Swiss Chard Mangold Lucullus White - Seeds
Colorful stems and bright green leaves make Swiss chard the single most glamorous garden green as well as a nutritious vegetable. Because it does not ship well, you are not likely to find it at the grocery store.
Swiss chard, which is also known as white beet, strawberry spinach, seakale beet, leaf beet, Sicilian beet, spinach beet, Chilean beet, Roman kale, perpetual spinach, silverbeet and mangold (and that's just in English!) is bursting with nutrients, including vitamins K, A, C and E, plus several B vitamins, magnesium, manganese, potassium, iron and dietary fiber.
It's a good source of calcium and contains promising cancer-fighting properties. Throughout history, various parts of the plant have been used to treat everything from ulcers to dandruff. But more importantly, it tastes delicious.
The best Swiss chard you'll ever eat is that which you grow yourself, and fortunately it's easy to cultivate. Swiss chard only needs 50-degree soil to germinate, and the plants are quite cold hardy, so in many places it's not too late to start some seeds for a late fall/early winter crop.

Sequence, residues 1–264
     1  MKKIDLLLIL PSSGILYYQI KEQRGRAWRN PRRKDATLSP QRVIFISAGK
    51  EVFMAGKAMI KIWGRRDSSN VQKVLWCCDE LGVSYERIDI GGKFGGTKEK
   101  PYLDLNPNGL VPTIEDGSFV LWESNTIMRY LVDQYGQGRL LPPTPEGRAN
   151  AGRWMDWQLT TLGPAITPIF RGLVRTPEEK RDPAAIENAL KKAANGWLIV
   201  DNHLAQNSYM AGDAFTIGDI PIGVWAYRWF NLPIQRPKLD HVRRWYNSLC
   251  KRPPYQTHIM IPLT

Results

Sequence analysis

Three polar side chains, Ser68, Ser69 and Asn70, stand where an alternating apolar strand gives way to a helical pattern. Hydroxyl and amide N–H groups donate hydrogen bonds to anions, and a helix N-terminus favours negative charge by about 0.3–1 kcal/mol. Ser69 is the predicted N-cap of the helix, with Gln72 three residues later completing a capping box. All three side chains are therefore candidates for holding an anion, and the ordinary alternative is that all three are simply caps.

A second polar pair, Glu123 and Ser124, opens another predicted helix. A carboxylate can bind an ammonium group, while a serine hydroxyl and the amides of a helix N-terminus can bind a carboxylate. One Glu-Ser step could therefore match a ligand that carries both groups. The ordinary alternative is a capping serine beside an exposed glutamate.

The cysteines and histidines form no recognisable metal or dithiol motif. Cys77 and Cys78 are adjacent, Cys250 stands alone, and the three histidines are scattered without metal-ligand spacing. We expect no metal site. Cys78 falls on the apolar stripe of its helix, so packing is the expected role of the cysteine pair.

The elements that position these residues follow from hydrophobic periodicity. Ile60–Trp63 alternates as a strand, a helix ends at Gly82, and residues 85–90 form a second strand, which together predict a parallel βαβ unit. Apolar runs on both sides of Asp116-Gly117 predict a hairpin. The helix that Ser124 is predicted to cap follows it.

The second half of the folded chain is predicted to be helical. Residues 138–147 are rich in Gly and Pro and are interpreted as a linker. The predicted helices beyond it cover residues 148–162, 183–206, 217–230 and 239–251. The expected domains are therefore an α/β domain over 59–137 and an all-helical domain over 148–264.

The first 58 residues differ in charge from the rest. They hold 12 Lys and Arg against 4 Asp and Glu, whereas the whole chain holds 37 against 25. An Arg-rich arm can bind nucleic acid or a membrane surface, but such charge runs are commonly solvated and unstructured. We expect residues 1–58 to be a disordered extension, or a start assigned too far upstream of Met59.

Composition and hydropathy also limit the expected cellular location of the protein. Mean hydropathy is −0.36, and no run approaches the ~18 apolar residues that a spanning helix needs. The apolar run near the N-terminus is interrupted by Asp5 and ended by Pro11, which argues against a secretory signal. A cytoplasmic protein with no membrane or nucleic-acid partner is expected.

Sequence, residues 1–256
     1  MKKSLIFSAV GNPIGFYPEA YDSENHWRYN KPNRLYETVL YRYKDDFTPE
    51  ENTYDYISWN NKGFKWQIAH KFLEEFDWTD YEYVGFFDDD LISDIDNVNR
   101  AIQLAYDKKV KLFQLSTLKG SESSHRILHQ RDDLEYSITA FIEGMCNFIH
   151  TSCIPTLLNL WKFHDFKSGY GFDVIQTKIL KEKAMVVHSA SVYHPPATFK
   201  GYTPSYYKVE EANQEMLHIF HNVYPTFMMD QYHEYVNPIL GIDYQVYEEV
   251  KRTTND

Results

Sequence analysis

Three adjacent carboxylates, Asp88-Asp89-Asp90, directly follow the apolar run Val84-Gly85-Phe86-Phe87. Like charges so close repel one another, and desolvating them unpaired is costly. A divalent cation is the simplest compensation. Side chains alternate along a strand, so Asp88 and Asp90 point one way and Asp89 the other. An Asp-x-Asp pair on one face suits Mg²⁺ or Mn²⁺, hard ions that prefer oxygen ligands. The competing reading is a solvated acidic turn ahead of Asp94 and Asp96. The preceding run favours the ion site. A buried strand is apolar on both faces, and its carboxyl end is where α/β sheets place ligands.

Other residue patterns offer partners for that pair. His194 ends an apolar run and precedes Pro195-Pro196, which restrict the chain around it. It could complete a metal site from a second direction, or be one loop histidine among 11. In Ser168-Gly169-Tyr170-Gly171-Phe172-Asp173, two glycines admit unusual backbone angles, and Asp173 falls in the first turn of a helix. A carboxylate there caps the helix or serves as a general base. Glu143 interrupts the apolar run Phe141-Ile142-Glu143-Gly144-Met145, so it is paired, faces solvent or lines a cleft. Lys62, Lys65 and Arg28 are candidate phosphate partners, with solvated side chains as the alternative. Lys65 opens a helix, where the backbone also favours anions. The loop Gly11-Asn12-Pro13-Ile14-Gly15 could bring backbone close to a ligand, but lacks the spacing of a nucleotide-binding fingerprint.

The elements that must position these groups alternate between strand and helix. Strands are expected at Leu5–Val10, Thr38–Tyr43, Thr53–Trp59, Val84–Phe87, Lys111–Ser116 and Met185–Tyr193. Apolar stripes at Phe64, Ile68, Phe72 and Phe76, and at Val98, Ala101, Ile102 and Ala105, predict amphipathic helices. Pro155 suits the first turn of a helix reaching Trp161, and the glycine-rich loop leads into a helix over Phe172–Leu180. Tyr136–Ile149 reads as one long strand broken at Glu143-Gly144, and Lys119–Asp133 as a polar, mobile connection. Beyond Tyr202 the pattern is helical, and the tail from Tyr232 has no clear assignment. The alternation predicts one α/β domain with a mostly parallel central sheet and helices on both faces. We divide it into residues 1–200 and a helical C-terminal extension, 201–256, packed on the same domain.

- Plant chard seeds 2 to 3 weeks before the last spring frost date. Continue planting seeds at 10-day intervals for a month.
- For a fall harvest, plant chard seeds again about 40 days before the first fall frost date.
- Before planting, mix 1 cup of 5-10-10 fertilizer into the soil for every 20 feet of single row.
- Plant the seeds 1/2 to 3/4 of inch deep in well-drained, rich, light soil.
- Space the seeds about 18 inches apart in single rows or 10 to 18 inches apart in wide rows.
- Sow eight to ten seeds per foot of row.
- When the plants are 3 to 4 inches tall, thin them out so that they are 4 to 6 inches apart or 9 to 12 inches apart if the plants are larger.
- Water the plants evenly to help them grow better. Water often during dry spells in the summer. You can also mulch the plants to help conserve moisture.
- For the best quality, cut the plants back when they are about 1 foot tall. If the chard plants become overgrown, they lose their flavor.
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What garden lovers say ... ?
Is this a fregrance flowering plant.
Some good number of seeds have germinated . Would know better later on when they would eventually produce flower & egg plant
All the seeds germinated. Now I have way too many seedlings.